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love, hate & the cobia chase

Snow Leadin

    Let it be known to all who read the following that I am not a writer. I am a photographer. A photographer of all things fishing. I love capturing those moments in fishing that go along with “fishstories” and I wanted to share a fishing experience I had once. So here goes ...
    The crisp air in the spring is welcomed with open arms as it means that the summer offshore fishing season is near, and being a fishing community along the Gulf of Mexico, I can assure you that is what we live for here. But first, we will cobia fish. It's been called everything from “poor-man's fishing” to “Unicorn Fishing” but whatever you wish to call it, it's fishing nonetheless. Fishing for cobia is usually done by sight fishing.
    With baits rigged, the boats leave each morning and creep up and down the coast in search of the brown fish known as the “crab cruncher” for its voracious appetite for crab. Some days the conditions are just right and some days they are not, but those who love this type of fishing don't care.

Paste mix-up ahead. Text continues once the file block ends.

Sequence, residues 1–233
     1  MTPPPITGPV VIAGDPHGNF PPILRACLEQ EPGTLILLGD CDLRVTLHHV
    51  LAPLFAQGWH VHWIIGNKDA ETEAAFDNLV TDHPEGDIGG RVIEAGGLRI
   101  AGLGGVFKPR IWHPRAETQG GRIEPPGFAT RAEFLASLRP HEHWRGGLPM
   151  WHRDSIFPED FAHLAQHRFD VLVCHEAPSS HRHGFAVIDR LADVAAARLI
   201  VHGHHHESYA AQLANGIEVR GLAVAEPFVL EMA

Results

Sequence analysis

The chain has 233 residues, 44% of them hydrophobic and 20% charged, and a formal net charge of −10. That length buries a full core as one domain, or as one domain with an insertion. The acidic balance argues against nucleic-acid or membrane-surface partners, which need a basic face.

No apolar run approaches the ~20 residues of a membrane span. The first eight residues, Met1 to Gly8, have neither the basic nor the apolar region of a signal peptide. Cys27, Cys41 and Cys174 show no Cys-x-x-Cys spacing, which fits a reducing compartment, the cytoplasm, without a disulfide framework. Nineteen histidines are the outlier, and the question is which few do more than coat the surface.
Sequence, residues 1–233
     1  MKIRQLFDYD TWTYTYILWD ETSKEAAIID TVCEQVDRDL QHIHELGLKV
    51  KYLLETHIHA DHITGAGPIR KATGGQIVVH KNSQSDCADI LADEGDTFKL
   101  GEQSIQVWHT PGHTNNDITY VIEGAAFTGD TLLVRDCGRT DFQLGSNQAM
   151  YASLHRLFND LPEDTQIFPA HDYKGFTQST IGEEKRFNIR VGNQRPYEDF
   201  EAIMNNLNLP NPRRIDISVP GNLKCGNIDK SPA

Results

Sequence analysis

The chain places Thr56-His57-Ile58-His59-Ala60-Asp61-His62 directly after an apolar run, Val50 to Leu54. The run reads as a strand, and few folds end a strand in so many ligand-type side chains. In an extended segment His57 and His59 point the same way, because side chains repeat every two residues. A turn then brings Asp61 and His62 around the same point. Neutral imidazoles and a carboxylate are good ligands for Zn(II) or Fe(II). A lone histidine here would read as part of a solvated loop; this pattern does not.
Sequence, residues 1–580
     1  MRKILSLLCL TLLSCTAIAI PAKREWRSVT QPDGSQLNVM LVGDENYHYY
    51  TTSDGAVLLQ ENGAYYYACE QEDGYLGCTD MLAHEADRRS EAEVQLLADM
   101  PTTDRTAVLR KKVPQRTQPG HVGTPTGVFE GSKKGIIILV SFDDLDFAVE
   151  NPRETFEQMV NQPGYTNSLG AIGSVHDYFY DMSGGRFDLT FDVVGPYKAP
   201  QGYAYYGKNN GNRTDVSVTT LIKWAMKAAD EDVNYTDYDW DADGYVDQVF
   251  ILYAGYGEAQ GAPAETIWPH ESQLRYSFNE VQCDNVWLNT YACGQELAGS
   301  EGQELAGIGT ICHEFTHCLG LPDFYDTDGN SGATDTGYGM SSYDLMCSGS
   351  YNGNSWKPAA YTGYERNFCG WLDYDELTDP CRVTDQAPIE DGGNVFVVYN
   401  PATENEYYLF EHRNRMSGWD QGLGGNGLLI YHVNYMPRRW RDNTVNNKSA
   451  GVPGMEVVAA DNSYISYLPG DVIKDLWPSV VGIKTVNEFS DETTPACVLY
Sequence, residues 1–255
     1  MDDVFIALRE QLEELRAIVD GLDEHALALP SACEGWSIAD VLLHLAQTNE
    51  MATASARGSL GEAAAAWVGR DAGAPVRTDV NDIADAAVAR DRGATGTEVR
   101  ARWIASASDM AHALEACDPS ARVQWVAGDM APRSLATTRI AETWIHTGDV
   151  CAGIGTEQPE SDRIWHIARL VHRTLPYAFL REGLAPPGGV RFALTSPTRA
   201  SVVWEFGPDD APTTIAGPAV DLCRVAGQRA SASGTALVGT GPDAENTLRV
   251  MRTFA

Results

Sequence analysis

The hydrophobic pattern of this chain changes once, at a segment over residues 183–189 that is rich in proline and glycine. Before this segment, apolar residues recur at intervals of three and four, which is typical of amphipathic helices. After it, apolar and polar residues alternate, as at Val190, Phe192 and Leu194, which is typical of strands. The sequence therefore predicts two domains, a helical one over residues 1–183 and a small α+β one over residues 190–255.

They will don the appropriate clothing, and head on out.
    Cobia season in the northern Gulf of Mexico signals the end of the “winter” that we southerners must endure each year (ha!). Each spring, after having sat idle for a few months, the local boys are out and about scouring the coast in search of the elusive cobia, working out any early boat issues from having being idle and getting their sea legs back in shape.
    The cobia run usually starts in late March and runs into early May. Some fish have been caught inshore into mid-May but they usually migrate on down the line and move offshore.
    I have had the opportunity to fish with many captains out of Orange Beach, Alabama. Some of them love the cobia season while others, not so much. It truly is a love-hate kind of fishing. You may go a whole season not even seeing a fish or you may have an outstanding season catching a tournament-winning slob. You never know. As fishermen, we know that it’s not just about catching a fish. It's about being out there. Not stuck at your desk. Not on some conference call, or worrying about your worries.
    It's about being in the salt air, on your boat, reflecting on the good things ... Fishing!
    To be a successful cobia fisherman, you have to put in the hours. In all types of conditions. You won't catch a cobia if you are sitting at the dock. Some of the most successful teams are out there everyday, rain or shine, blowing or not. I do think that the cobia tend to prefer a little chop in the water myself.



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